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Google AI designs* chip in 6 hours

Summary

Google has designed an artificial intelligence program that can design a chip 'floorplan' in 6 hours, something that takes months if it is done by human engineers. The floorplan of a chipset is the basic design of a silicon system-on-chip that determines the optimal positioning of the CPU, GPU, and memory units on a chipset. This method is being used to design Google's much awaited next gen TPUs.

 

Quotes

Quote

 

This usually takes months for a chip-design engineer to come up with, while Google’s new AI can design it in six hours’ time. The developers fed over 10,000 chip floorplans to help the AI system learn the task and come up with an optimal floorplan of a chipset that can deliver improved performance by using less power

 

My thoughts

This looks cool. My guess is that AI will lead to me getting fired in 2040, as I know batshit about AI.

 

Sources

A graph placement methodology for fast chip design | Nature

Google's AI Software Can Design a Chipset in Just Six Hours | Beebom

Google is using AI to design its next generation of AI chips more quickly than humans can - The Verge

Now Google is using AI to design chips, far faster than human engineers can do the job | ZDNet

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Not surprising. There's a pletorha of jobs that can and will be replaced by AI. Other jobs will pop up that we can't even imagine. It's going to be a tough transition for some. 

 

AI is also superb at designing material objects to be strong yet incredibly light in ways human engineers simply can't. At least not in any economical capacity. 

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I know AI is awesome, but the hype makes me hate it.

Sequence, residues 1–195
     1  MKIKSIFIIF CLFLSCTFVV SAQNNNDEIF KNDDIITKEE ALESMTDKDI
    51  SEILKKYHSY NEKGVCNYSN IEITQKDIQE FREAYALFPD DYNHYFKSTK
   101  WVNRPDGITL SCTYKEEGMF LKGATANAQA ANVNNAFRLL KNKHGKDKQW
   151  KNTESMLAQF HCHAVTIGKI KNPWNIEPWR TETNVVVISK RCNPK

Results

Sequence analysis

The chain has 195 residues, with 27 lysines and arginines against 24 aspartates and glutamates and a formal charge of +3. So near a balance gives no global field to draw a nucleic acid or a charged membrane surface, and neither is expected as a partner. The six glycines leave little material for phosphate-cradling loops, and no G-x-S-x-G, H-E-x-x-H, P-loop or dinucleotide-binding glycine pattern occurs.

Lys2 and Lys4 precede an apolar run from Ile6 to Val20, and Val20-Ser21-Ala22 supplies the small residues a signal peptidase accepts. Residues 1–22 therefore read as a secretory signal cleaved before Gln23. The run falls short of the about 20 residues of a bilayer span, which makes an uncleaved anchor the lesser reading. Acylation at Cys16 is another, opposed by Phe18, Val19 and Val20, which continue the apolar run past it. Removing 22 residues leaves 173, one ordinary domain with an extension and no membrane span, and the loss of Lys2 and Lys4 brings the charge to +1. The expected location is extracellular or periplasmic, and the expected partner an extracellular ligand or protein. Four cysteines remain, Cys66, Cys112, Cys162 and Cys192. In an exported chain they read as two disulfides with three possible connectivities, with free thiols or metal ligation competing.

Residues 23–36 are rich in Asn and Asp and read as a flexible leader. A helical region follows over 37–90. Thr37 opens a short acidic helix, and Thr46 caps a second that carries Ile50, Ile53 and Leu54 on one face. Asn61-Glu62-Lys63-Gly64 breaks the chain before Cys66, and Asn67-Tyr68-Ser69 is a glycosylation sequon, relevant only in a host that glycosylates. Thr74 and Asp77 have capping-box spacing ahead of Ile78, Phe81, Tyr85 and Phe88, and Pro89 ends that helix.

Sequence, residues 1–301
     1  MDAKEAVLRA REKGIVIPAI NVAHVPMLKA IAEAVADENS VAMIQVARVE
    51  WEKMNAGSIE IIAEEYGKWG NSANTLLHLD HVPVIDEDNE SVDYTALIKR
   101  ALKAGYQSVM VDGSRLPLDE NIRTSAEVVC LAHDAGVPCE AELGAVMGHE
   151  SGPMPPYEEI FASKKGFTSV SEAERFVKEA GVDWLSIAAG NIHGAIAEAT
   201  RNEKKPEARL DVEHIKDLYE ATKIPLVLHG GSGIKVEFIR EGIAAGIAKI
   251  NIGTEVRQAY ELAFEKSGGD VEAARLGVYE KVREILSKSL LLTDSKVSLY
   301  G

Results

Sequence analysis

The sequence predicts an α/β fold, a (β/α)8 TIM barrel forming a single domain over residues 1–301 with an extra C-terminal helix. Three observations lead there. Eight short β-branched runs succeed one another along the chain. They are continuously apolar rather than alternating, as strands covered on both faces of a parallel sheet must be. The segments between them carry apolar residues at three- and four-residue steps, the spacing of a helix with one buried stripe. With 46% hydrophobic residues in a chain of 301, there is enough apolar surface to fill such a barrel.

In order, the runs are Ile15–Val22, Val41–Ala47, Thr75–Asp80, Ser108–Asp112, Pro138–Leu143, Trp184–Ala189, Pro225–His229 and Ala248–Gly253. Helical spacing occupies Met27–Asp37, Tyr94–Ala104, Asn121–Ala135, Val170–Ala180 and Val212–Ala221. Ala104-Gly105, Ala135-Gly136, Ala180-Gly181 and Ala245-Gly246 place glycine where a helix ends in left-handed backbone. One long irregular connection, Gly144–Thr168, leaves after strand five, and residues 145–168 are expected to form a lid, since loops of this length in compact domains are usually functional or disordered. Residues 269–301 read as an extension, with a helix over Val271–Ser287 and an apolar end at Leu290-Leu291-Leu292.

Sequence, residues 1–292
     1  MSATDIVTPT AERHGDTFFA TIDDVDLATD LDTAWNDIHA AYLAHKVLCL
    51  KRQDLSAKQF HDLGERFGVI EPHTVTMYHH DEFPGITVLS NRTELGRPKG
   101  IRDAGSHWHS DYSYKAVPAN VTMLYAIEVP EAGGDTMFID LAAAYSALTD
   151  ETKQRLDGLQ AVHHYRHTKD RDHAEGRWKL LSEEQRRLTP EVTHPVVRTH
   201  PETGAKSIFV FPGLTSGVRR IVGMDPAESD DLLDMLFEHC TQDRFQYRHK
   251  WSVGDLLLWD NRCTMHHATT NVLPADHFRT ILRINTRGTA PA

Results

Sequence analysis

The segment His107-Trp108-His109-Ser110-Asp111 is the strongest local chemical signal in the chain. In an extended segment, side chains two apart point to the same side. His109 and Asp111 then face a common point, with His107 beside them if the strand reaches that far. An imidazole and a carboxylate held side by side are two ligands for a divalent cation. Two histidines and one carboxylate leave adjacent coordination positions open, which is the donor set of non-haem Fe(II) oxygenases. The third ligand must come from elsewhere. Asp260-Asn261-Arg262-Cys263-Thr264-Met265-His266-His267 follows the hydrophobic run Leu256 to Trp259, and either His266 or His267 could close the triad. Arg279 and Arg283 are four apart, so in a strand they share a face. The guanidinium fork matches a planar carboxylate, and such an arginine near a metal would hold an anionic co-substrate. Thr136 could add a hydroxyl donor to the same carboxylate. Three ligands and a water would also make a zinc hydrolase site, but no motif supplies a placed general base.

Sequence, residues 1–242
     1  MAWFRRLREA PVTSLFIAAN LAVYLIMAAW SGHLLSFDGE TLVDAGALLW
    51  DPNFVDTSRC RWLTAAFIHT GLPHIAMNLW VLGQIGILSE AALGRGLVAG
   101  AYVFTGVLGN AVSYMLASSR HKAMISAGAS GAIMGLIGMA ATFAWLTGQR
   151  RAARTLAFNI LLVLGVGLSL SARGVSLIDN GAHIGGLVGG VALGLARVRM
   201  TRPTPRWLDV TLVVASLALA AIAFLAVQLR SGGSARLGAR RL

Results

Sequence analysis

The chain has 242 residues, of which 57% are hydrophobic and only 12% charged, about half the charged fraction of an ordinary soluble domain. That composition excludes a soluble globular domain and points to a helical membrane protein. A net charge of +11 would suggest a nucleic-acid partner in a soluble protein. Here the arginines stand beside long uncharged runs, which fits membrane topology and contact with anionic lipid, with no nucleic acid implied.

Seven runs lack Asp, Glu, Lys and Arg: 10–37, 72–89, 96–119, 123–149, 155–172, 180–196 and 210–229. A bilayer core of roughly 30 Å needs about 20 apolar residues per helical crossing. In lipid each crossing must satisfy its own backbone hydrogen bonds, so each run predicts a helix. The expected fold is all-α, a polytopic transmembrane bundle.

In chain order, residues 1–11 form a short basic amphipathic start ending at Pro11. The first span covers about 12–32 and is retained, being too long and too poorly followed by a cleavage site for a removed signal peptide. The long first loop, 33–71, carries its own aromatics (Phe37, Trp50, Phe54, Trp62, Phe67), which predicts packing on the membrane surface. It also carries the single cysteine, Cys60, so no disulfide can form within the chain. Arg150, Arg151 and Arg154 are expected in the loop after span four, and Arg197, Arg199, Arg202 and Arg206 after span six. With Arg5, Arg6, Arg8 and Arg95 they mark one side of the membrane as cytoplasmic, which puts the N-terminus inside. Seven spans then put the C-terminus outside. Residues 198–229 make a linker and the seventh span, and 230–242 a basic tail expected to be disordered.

Engineers spend that much time because the layout is optimized by a multitude of goals, and there are known algorithms used to help.

Beware of people saying something is "optimal", especially when dealing with AI. It usually is fundamentally wrong. It may be great/good/reasonable, but not optimal.
In this specific case, that is "easily" verifiable by comparing with deterministic optimization algorithms that do produce optimal results (not really, as multi-objective optimization = NP-Hard to verify).

Didn't look the article nor links, but I believe it were the crackhead journalists claiming something to be optimal, once again.

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We suppose to use technology to work less since the beginning of time. And yeah be jobs will appear, like Youtubers and cinema actors, sport players were not a thing a century ago.

Anyway that seems like AI creates AI and that's kinda scary 😄

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This feels a lot more like "easy headline" and "we couldn't hire good enough engineers to do the work" issue than some great advancement. A massive amount of chip design is already automated, and layout isn't just about the design itself. The node and objectives of the silicon will matter quite a lot. I could see this being useful after a design team (note, it's going to be an entire team) has figured out all of the requirements. That would allow the program to find extra efficiencies. 

 

This sounds a lot more like a precursor to "Google TPU delayed again". lol

 

@WolframaticAlphaAI isn't going to change as much as everyone is currently projecting. Frankly, it'll only really work well in fully digitized information sets. Further, all it's really good at is optimizing within the framework it has been given to operate and upon the information that is available. It's change some things a lot, but it'll actually put even more demand on "Systems" Engineers.

 

It's already like 3D Printing. It's really important, but it's got its place in all things, rather than taking over everything.

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@Forbidden WaferAI will be good for optimization runs on many designs and engineering tasks, but AI is always limited by the framework into which it is set. So it'll be good at Chess but terrible at judging Sports outcomes.